Latin Language Blog

The Oddest & Weirdest Pets of Ancient Rome Posted by on Aug 7, 2014 in Latin Language, Roman culture


The bond between humans and pets is an interesting and odd bond. The love and friendship that transgress species is an interesting relationship that deserves special attention. Most of us are familiar with the ever persisting sites that our friends show us the most unlikely of friends. These examples range from dogs and chimps, tigers and pigs, cats and birds, and so on. I am hopeful that this post will show that these odd and weird bond existed even in Ancient Rome between man and beast.  The order is from the least odd to the most bizarre (in my opinion).


Courtesy of WikiCommons, Boing-Boing, and Steve Garvie.

Courtesy of WikiCommons, Boing-Boing, and Steve Garvie.

Historical Person: Julius Caesar

Pet: Giraffe

Name: He didn’t even bother…. ( I assume)

Love: 3 out of 10 hearts.

Why: In 48 BC, Julius Caesar embarked on a campaign where he eventually started his affair with Queen Cleopatra. Before leaving her, he decided to bring back a sundry of exotic beasts including lions, panthers and green monkeys. The most strange one was long-necked creature known as a giraffe. The Romans saw it as half camel and half panther (due to its spots). Perhaps he brought the beast back to remind him of Cleopatra or perhaps he simply liked it.

Habits: The historian Pliny thought the giraffe was a “wild sheep.” Whatever the case, Caesar soon grew bored with his “pet.” He fed the giraffe to the lions in a Coliseum in front of a baying Roman public; his gesture (offering up his pet as a prize) may have been a sign of his wealth and magnanimity. This is somewhat sad though.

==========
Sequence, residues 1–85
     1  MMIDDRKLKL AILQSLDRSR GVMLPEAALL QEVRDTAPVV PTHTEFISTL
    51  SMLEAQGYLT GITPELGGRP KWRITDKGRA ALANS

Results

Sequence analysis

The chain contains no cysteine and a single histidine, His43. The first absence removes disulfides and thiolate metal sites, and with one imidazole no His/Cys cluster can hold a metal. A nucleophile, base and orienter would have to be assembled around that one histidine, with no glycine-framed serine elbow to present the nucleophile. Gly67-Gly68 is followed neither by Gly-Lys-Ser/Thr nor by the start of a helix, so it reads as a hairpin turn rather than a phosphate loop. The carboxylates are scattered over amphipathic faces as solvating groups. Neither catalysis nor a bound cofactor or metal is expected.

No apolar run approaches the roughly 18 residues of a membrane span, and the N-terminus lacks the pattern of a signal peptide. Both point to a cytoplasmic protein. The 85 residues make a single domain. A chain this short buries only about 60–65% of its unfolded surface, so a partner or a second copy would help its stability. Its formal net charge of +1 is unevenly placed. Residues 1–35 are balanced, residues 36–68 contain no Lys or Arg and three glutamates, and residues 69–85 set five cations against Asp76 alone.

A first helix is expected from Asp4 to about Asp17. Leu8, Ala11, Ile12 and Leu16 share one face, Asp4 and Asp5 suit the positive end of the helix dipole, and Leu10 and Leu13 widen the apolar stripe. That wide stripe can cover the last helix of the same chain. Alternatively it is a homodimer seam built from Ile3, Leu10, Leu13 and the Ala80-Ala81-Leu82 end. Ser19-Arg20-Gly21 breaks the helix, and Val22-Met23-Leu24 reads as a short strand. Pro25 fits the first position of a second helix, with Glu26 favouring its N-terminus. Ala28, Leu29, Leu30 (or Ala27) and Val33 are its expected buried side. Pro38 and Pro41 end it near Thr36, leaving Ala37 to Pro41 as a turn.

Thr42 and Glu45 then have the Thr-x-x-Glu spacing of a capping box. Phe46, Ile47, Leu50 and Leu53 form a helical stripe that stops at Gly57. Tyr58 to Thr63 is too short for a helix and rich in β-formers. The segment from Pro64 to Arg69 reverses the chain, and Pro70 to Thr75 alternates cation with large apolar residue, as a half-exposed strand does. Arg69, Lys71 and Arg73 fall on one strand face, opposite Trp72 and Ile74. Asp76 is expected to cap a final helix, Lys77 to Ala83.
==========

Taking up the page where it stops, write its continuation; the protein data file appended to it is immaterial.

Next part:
Sources: Pliny, Strabo


Historical Person: Caligula

Pet: Horse

Name: Incitatus

Love: 6 out of 10 hearts

Why:  There is much speculation amongst historians as to why Calgula prized his pet horse so much. While it should be stated that his horse was a race horse- perhaps its victory and magnificence were contributors to Caligula’s fondness for it. Or perhaps, he liked the horse for its ability to ridicule and embarrassed his subjects. I am afraid we will never know for sure.

Habits:  Incitatus had a stable of marble, an ivory manger, purple blankets, and a collar of precious stones. Dio Cassius has indicated that the horse had its own servants, and was fed food mixed with gold flake. How wasteful!  Suetonius also wrote that it was said that Caligula planned to make Incitatus a consul. Furthermore, the horse  “invite” dignitaries to dine with him in a house outfitted with servants there to entertain such events.

Sources: Suetonius, Cassius Dio


An array of creatures that may have been found in a "piscine." Sea creatures mosaic ( Attention to the Eel near the right bottom corner) from Pompeii; National Archaeological Museum of Naples, Italy. Courtesy of WikiCommons & Massimo Finizio.

An array of creatures that may have been found in a “piscine.” Sea creatures mosaic ( Attention to the Eel near the right bottom corner) from Pompeii; National Archaeological Museum of Naples, Italy. Courtesy of WikiCommons & Massimo Finizio.

Historical Person(s): Quintus Hortensius (Famous Orator), Antonia (Daughter of Marc Antony, Niece of Augustus and Mother of Emperor Claudius) , Crassus (either Marcus Licinius Crassus [defeated Spartacus] or Lucius Licinius Crassus [orator and censor in 92 BC].